Pubs and bars are driven by the younger generation and their drink of choice is lager which explains the distinct lack of porters, stouts and mild available these days. For me, I must admit I do drink lager but it’s mild and Guinness I’m always on the lookout for.

As the afternoon moved into early evening we decided to take a wander down to the so-called ‘Northern Quarter’ of Manchester. Really the Northern Quarter is just a PR exercise, a rebranding of the older and more run down area of Manchester, actually Ancoats, so that younger and less savvy people like myself can be lured into small bars that were once probably shops or offices and now charge incredible prices for drinks.

Luckily it was my brother who got saddled with a ridiculous bill for two drinks and not me but now armed with this new information, that the rebranding of this area is just an excuse to double prices, we wandered back to more sensible pubs.

Albert’s Schloss.

For one last pint we went into Albert’s Schloss, a sort of modern German Beer Keller sort of place packed with people and serving lager at inflated prices. (Though not as inflated as the Northern Quarter!) No dark beers to be found there but Albert’s was actually a fun place full of city centre workers spending their hard-earned cash.  I enjoyed that pint of pilsner. Pity I couldn’t have had one last dark beer.

Dark Beers in Classic Film.

Back in the war years dark beers were the more accepted drink for men in the UK. I remember watching ‘The Way to the Stars’, a 1945 war picture in which John Mills, a ground controller at a world war 2 airfield, stays behind when his squadron is posted overseas. The new squadron are a US Army Air Force group flying B-17 Flying Fortresses. John Mills’ character takes the Yanks out for a few beers and is surprised to see them drinking pale ales which he and the other Brits consider a little ‘ladylike’ to use his words! Straight away he introduces them to some dark beers.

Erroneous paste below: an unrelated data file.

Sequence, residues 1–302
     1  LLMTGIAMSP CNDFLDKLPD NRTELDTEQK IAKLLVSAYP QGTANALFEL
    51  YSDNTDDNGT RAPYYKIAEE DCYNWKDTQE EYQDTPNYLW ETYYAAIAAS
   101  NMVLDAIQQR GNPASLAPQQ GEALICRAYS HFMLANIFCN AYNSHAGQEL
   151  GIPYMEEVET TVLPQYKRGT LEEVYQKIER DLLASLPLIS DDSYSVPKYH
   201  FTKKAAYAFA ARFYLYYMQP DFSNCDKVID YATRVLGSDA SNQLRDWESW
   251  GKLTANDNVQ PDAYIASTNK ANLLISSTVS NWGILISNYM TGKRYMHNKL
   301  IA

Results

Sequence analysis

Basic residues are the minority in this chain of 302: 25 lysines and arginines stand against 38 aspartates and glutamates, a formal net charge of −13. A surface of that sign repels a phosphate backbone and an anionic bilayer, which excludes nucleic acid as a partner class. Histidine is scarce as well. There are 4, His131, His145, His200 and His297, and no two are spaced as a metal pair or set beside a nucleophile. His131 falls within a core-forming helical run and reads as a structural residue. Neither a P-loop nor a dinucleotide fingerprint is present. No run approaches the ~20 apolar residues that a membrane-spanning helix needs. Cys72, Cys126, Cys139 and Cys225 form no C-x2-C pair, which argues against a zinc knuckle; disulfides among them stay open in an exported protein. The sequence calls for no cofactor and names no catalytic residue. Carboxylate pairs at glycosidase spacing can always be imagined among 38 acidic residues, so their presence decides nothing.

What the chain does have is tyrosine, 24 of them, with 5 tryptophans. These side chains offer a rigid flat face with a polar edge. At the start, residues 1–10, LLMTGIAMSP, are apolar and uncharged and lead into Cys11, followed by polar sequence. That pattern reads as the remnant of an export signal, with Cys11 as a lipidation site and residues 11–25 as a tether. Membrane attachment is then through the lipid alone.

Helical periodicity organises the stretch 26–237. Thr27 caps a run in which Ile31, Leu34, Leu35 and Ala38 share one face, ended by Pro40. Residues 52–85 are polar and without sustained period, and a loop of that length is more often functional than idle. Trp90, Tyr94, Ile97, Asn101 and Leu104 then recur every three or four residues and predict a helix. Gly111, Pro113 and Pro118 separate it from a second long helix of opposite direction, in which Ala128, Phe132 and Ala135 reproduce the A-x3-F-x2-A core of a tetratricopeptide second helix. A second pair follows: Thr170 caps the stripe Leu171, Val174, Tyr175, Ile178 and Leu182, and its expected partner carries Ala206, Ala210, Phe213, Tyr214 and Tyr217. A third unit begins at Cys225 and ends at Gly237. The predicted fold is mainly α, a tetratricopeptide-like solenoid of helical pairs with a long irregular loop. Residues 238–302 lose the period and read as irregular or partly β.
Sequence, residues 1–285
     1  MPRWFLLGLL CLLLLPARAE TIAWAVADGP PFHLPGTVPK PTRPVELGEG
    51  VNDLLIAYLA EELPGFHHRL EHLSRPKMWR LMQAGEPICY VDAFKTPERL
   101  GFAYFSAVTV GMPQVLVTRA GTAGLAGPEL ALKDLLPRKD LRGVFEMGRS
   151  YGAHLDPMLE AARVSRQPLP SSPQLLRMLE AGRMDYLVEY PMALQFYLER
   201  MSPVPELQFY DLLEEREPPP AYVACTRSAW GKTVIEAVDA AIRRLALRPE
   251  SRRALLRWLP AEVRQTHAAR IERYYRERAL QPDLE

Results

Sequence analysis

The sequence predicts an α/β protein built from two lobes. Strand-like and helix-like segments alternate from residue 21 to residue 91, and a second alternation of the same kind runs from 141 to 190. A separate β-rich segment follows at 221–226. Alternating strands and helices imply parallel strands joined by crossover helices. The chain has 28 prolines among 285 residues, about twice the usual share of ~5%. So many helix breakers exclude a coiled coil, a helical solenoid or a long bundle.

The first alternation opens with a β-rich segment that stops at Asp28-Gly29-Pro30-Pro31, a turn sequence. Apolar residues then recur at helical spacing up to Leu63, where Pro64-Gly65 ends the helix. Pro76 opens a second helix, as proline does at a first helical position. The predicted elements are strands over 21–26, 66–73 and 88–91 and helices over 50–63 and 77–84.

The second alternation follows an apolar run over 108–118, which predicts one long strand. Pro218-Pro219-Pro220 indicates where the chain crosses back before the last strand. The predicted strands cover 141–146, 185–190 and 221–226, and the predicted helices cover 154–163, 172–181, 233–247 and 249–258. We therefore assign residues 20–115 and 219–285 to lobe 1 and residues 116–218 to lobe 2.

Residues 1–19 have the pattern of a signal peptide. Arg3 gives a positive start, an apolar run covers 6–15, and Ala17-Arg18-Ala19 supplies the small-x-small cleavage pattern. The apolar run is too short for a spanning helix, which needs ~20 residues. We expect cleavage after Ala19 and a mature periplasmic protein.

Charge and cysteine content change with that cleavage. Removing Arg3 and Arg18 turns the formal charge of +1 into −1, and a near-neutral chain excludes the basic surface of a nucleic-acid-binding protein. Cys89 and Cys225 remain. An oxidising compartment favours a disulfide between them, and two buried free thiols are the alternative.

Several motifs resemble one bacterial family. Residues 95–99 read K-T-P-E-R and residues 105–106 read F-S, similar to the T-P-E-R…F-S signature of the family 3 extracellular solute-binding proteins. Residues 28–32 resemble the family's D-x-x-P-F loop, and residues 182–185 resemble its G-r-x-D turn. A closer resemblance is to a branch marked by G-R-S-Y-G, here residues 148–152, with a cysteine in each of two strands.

Which classic film buff can forget John Ford’s The Quiet Man? John Wayne plays a retired American boxer returning to his roots in Ireland. He steps into the pub, looks around and orders ‘one of those black beers’. John Wayne knew a good pint when he saw one.

St Annes on the Sea.

A couple of days later, back in St Annes, Liz and I popped into the Number 15, one of our favourite local pubs. The premises used to be a bank and what was once the bank vault is now a cosy room at the back. The great thing about 15’s is that along with many guest beers they serve one of my absolute favourites, Theakston’s mild.

I ordered the drinks and waited eagerly at the bar while the barmaid went off to pull our beers. She was back a moment later with an apologetic look. ‘Sorry’ she said, ‘I’d forgotten, we’re not serving mild any more. There’s no call for it these days!’

Clearly I hadn’t been drinking enough of it!


Floating in Space is a novel set in Manchester, 1977. Click the links at the top of the page to buy a copy or for more information!

One response to “In Search of Dark Beer

  1. Pingback: 2018 and All That | Letters from an unknown author!